"Dying is easy. . ."

I know what few readers may frequent here are probably bored out of their minds with the constant threshing of Kertész.  But I think he is a prime example of why one can't just completely dismiss the Nobel Committee as irrelevant (were one inclined to that position anyway.)  Here is an author who deserves a wider readership--and it has taken me a long while to get around to his work.

from Liquidation
Imre Kertész


Dying is easy
life is one enormous concentration camp
that God has established here on Earth for mankind
and that man has refined yet further
as an annihilation camp for his own kith
Taking ones own life amounts to
outwitting those who stand on guard
escaping deserting those who are left behind
laughing up one's sleeve
in this big Lager of life
the neither-in-nor-out neither-forward-nor-back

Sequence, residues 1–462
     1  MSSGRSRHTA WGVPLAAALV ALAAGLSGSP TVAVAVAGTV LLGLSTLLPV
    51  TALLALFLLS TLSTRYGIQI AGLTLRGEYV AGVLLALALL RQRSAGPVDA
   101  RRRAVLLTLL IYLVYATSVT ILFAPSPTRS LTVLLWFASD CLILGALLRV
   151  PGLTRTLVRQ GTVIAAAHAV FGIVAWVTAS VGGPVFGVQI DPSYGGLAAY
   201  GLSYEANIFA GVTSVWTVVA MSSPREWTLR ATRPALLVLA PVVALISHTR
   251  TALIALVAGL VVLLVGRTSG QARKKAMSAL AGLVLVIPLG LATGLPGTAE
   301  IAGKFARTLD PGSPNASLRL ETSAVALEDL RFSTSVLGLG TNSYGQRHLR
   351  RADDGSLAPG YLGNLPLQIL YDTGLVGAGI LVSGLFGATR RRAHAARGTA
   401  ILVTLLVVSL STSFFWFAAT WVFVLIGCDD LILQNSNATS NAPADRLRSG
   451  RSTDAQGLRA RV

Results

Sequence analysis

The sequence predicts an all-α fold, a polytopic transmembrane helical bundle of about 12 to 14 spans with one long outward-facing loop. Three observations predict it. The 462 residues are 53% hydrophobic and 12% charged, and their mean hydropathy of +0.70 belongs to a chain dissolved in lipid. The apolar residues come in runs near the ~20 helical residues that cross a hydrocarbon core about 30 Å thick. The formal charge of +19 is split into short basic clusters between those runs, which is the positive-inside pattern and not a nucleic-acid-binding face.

in this wretched world of lives held
in suspended animation where we grow decrepit
without time moving any further forward. . .
this is where I learned that to rebel is
The great insubordination is
for us to live our lives to the end
and equally the big humiliation
that we owe ourselves
The sole method of suicide that is worthy
of respect is to live
to commit suicide amounts
to continuing life
starting anew every day
living anew every day
dying anew every day
I don't know how I should continue.

And then a commodius vicus of recirculation that powers the whole motive force of the narrative, brings us back to the scene in the office where we started and we lever up a new layer of understanding, information, and insight into B--who he is, what he did, why he matters.  I can't begin to describe how much I am enjoying this wonderful, short, dense book.


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